With ageing populations world-wide, neurodegenerative diseases are placing an ever increasing burden on long- term well-being, healthcare costs and family life. Despite decades of research and enormous investment, no disease-modifying treatment is available for the most common of these diseases: Alzheimer?s (AD). The majority of these, to-date unsuccessful, efforts have focused on one potential cause of AD: amyloid-? aggregation. Combining population-scale data collection, human genetics and machine learning provides a way forward to uncover and characterize new causal cellular processes involved in AD. This would provide an array of potential therapeutic targets, increasing the chance that one will be more easily modulated than the amyloid-? pathway. AD-specific genomic datasets of unprecedented scale are being actively collected: whole genome sequencing (WGS) from ~20k individuals, gene expression (RNA-seq) and epigenomics (ATAC-seq, histone ChIP-seq) from >1000 post-mortem AD brains, single-cell transcriptomes and similar modalities in peripheral and brain-resident innate immune cells (which we and others have shown to be AD-relevant). Effectively integrating these diverse data to better understand AD represents a substantial computational challenge, both in terms of data scale and analysis complexity. This proposal leverages state-of-the-art deep learning (DL) and machine learning (ML), combined with human genetic analyses, to address this challenge. We will train DL models to predict epigenomic signals and RNA splicing from genomic sequence, enabling in silico mutagenesis to estimate the functional impact (a ?delta score?) of any genetic variant. The delta scores will be used in genetic analyses that distinguish causal associations: cellular changes that drive AD pathogenesis rather than downstream/side effects of disease. Delta scores will aid in associating both rare and common variants to AD. To achieve sufficient power, rare variants must be aggregated (e.g. for a gene): delta scores will allow filtering out many likely non-functional (particularly non-coding) variants. Most common variants from AD Genome Wide Association Studies (GWAS) are simply correlated with the causal variant due to linkage disequilibrium (LD). Delta scores, combined with trans-ethnic GWAS, will enable estimation of the likely causal variant(s). These analyses will highlight variants and genes involved in AD. However, genes do not operate in a vacuum so robust probabilistic ML will be used to learn cell-type and disease-specific gene regulatory networks from sorted bulk and single-cell RNA-seq. The detected networks will be integrated with our genetic findings to discover network neighborhoods/pathways especially enriched in AD variants. Such pathways will be prime candidates for future functional and therapeutic studies of AD.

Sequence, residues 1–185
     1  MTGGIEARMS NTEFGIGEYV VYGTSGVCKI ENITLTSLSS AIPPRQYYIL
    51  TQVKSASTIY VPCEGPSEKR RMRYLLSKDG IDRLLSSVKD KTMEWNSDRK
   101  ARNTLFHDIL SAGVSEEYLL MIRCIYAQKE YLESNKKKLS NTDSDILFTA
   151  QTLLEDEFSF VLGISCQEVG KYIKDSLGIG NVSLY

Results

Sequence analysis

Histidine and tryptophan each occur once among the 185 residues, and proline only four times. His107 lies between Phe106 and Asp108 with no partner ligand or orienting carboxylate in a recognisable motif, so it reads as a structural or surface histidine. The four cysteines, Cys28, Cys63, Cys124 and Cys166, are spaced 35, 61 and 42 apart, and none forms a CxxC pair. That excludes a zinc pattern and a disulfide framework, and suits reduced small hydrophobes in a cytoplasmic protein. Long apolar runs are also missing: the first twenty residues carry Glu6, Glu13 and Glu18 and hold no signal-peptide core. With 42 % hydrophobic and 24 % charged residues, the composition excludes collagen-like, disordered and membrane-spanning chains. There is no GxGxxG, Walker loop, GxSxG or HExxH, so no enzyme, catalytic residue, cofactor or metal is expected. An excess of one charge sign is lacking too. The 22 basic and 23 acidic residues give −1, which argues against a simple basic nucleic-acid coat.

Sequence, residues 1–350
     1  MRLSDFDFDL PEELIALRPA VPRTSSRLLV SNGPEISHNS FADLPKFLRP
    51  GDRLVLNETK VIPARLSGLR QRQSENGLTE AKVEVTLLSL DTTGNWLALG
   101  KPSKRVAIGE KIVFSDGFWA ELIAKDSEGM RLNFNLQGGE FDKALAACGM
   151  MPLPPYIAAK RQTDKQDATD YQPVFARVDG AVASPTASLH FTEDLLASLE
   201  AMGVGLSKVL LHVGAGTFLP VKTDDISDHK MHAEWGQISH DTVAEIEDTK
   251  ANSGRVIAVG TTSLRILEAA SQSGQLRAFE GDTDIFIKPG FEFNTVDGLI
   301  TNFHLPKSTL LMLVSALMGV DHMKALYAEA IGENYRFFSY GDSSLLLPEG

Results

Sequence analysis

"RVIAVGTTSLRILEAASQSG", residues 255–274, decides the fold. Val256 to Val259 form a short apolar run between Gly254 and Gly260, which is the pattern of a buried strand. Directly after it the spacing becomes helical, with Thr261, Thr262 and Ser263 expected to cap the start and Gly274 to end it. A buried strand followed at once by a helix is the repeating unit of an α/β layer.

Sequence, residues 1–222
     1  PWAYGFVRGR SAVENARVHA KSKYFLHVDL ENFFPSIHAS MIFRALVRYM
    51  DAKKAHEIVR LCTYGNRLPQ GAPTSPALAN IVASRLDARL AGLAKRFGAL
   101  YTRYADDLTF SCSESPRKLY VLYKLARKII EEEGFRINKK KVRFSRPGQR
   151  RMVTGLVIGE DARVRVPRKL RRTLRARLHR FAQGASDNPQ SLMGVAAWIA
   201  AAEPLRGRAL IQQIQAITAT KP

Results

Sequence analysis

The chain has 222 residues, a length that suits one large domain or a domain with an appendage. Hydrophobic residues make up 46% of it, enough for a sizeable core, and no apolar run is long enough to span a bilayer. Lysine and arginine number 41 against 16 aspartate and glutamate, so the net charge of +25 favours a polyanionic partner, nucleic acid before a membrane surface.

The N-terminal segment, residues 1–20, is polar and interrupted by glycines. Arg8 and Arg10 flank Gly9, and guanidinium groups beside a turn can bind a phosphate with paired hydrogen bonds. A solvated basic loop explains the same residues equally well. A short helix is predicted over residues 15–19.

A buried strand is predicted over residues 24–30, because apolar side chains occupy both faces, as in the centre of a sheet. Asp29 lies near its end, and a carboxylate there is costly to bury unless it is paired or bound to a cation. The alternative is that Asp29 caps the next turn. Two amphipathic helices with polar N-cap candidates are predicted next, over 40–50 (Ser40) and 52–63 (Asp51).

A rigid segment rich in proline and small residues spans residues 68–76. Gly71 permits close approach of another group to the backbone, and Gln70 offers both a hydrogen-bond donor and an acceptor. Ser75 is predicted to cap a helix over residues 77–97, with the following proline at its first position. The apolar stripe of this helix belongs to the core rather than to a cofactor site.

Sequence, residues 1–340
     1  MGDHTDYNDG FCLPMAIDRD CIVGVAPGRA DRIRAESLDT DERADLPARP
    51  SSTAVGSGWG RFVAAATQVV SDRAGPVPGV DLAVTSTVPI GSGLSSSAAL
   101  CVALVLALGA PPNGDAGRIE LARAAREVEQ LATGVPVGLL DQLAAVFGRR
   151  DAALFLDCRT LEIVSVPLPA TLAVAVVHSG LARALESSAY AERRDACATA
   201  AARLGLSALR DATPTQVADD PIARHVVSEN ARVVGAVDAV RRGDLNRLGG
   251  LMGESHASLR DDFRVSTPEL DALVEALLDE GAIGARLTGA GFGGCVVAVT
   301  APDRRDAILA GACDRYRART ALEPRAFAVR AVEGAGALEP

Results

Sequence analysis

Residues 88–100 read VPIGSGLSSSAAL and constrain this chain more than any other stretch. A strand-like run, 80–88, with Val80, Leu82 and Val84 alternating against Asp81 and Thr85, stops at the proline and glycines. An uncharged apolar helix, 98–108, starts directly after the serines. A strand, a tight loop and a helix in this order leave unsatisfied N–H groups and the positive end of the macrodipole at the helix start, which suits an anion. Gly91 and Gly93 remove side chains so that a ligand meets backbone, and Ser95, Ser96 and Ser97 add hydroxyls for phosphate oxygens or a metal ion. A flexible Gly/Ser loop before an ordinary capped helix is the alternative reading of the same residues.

Public Health Relevance

The goal of this research is to use machine learning algorithms to work out which genetic differences in the genomes of Alzheimer?s disease (AD) patients might have caused their disease. We will do this by learning computational models of how genes are controlled by genetic sequence and other genes. The proposed study will discover what genes, pathways and molecular mechanisms are involved in AD, which will provide novel therapeutic targets for AD patients.

National Institute of Health (NIH)
National Institute on Aging (NIA)
Research Project--Cooperative Agreements (U01)
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Special Emphasis Panel (ZAG1)
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Miller, Marilyn
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Icahn School of Medicine at Mount Sinai
Schools of Medicine
New York
United States
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